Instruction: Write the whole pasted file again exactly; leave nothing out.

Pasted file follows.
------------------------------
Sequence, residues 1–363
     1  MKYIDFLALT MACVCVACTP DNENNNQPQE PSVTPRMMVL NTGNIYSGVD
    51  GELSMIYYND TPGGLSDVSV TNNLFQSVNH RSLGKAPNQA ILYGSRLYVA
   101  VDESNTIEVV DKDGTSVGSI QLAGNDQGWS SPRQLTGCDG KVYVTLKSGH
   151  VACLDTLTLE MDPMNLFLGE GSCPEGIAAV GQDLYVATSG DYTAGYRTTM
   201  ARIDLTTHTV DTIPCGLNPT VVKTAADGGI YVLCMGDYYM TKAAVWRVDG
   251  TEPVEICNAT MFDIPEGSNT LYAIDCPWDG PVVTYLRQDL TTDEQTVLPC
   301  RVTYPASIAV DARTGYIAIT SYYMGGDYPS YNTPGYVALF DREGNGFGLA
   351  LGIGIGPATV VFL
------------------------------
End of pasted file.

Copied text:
Sequence, residues 1–363
     1  MKYIDFLALT MACVCVACTP DNENNNQPQE PSVTPRMMVL NTGNIYSGVD
    51  GELSMIYYND TPGGLSDVSV TNNLFQSVNH RSLGKAPNQA ILYGSRLYVA
   101  VDESNTIEVV DKDGTSVGSI QLAGNDQGWS SPRQLTGCDG KVYVTLKSGH
   151  VACLDTLTLE MDPMNLFLGE GSCPEGIAAV GQDLYVATSG DYTAGYRTTM
   201  ARIDLTTHTV DTIPCGLNPT VVKTAADGGI YVLCMGDYYM TKAAVWRVDG
   251  TEPVEICNAT MFDIPEGSNT LYAIDCPWDG PVVTYLRQDL TTDEQTVLPC
   301  RVTYPASIAV DARTGYIAIT SYYMGGDYPS YNTPGYVALF DREGNGFGLA
   351  LGIGIGPATV VFL